2. You can dramatically lower your breath rate (and as a result, your heart rate) if you learn to breathe through your nose and focus on taking more steps per breath.

3. If you don’t have the same trigger for your run every day (waking up, lunchtime, etc.), it’s easy to forget, and find yourself running at dusk to keep the streak going.

4. On that note, running hills right after dinner is a terrible idea.

5. You can go from zero motivation to full-on, can’t-think-about-anything-else mode in only two weeks or so. The key, for me, was inspiring reading and using the tools of habit change to get started.

6. The 10% rule really doesn’t matter much.

7. Hiking up hills can be a much better exercise than struggling to run up them, especially if you’re training for a trail race where you’ll have to hike.

49. A daily run is the perfect trigger for a quick set of pushups, situps, pullups, or whatever you choose. These things are so easy to do, and so easy not to do. Running every day has helped me to remember to do them.

50. This has been way too good, for both my body and mind, to stop at 50 days. I guess it’s 100 or bust!

41 more at this link: http://www.nomeatathlete.com/50-lessons-running-streak

Thanks Matt for these insights!

Now I need to decide if I am going to continue this streak. But for today, I’m putting my feet for the rest of the day.


Oh, for Longer Socks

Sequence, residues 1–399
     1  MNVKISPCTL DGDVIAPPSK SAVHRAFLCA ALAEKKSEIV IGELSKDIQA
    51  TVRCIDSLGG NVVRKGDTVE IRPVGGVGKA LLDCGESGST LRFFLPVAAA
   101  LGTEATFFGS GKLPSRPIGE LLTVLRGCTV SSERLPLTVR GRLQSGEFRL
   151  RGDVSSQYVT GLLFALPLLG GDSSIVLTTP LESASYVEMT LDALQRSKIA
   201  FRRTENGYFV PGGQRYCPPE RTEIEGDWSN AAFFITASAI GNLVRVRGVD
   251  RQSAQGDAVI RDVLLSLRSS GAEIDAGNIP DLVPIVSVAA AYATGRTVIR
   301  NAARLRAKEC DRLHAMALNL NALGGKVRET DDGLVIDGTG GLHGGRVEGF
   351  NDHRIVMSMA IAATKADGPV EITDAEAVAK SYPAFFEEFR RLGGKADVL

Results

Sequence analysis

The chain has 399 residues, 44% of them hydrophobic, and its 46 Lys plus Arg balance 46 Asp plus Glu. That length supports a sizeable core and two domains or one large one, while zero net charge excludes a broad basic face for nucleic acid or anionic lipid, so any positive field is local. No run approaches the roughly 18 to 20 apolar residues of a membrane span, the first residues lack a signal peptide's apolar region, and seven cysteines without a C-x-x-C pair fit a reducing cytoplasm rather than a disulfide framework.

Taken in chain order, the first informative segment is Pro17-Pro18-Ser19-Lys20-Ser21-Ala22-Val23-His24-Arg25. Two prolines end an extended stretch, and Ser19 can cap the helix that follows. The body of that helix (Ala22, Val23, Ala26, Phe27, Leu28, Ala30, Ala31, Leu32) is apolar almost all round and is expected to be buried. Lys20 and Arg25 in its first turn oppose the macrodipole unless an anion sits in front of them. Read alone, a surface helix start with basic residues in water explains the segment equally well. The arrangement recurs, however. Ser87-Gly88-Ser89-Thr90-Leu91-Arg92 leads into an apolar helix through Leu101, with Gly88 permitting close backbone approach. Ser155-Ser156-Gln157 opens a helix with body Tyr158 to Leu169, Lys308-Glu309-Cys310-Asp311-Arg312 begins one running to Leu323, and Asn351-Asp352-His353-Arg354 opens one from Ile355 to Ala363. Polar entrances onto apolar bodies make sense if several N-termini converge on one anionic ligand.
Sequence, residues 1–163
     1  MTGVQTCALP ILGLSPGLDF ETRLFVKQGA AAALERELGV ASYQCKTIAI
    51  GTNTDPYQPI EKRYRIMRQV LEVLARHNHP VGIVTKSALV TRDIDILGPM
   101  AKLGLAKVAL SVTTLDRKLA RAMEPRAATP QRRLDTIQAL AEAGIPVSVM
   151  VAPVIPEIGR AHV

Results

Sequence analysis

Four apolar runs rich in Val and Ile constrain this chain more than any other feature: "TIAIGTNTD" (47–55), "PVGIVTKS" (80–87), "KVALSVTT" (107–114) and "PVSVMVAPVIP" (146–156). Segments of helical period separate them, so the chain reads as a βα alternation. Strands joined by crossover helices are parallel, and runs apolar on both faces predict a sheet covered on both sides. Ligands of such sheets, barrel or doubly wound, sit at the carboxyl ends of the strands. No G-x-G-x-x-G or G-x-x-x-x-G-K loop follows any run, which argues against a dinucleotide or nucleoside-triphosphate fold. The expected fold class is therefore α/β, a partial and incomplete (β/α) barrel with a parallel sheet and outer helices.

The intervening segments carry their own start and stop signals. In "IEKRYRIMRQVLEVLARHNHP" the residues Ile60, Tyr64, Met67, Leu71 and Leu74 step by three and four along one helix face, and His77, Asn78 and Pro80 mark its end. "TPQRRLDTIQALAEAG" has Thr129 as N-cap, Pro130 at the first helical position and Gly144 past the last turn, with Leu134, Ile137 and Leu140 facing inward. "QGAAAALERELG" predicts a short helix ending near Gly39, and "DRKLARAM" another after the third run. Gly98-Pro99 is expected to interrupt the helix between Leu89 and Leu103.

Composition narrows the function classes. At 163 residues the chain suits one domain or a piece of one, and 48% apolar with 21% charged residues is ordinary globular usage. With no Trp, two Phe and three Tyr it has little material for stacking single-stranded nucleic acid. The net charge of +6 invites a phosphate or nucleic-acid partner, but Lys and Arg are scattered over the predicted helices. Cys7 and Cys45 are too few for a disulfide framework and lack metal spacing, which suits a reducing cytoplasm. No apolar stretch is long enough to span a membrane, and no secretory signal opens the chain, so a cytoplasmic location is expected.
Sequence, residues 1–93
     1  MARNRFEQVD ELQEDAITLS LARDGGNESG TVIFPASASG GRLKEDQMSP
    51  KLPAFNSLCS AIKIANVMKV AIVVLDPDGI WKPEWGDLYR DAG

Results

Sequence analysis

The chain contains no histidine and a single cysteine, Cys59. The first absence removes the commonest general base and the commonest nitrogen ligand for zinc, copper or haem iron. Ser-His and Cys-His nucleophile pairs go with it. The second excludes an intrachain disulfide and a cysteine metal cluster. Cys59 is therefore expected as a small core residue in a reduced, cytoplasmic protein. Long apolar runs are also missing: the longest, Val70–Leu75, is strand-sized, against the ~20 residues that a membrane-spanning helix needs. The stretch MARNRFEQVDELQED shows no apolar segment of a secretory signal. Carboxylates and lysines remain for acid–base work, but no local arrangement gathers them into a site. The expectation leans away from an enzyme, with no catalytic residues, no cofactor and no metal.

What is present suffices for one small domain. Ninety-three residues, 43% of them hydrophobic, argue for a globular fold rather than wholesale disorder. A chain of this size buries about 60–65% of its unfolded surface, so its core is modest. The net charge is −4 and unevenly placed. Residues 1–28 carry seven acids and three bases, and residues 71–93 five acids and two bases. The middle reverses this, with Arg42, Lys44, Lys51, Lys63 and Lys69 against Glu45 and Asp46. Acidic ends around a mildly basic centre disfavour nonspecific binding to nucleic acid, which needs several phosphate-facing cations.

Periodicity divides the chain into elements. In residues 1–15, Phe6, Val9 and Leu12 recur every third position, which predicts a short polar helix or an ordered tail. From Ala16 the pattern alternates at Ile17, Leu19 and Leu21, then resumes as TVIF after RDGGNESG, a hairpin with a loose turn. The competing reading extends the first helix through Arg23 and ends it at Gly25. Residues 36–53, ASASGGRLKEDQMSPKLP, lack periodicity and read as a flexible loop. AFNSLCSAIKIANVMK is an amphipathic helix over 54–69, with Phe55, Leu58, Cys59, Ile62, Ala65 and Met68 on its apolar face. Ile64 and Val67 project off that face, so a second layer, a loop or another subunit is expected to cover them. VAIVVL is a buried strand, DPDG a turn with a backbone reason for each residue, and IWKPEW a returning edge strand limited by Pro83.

You know that space between the top of your socks and the bottom of your tights. It’s part of your ankle that you don’t really notice. And no one else notices it either.


It’s not noticeable UNLESS there is a lot of snow you are trudging through. Or it is really cold out. Then you really notice that inch of skin. That inch of skin suddenly becomes the most important part of the body.

Pull your socks up higher. Pull your tights a little lower. Just frustrating.

I haven’t gotten frostbite on my ankles yet but it can be really frustrating when I pick the wrong socks for a run. I need to hide those short socks a little deeper in the drawer so they don’t come out at this time of year.

Most running socks are short. But some are even shorter. They’re designed that way for fair weather running. Not winter running.

Most of my longer socks are cotton. Not great for running in, period.

My tights are just a bit too short. I do have looser wind pants that I can wear for running that go a little lower, but I usually only pick those as a second pair to go over the tights.

Putting all the right pieces together becomes all too important when frostbite is a real threat.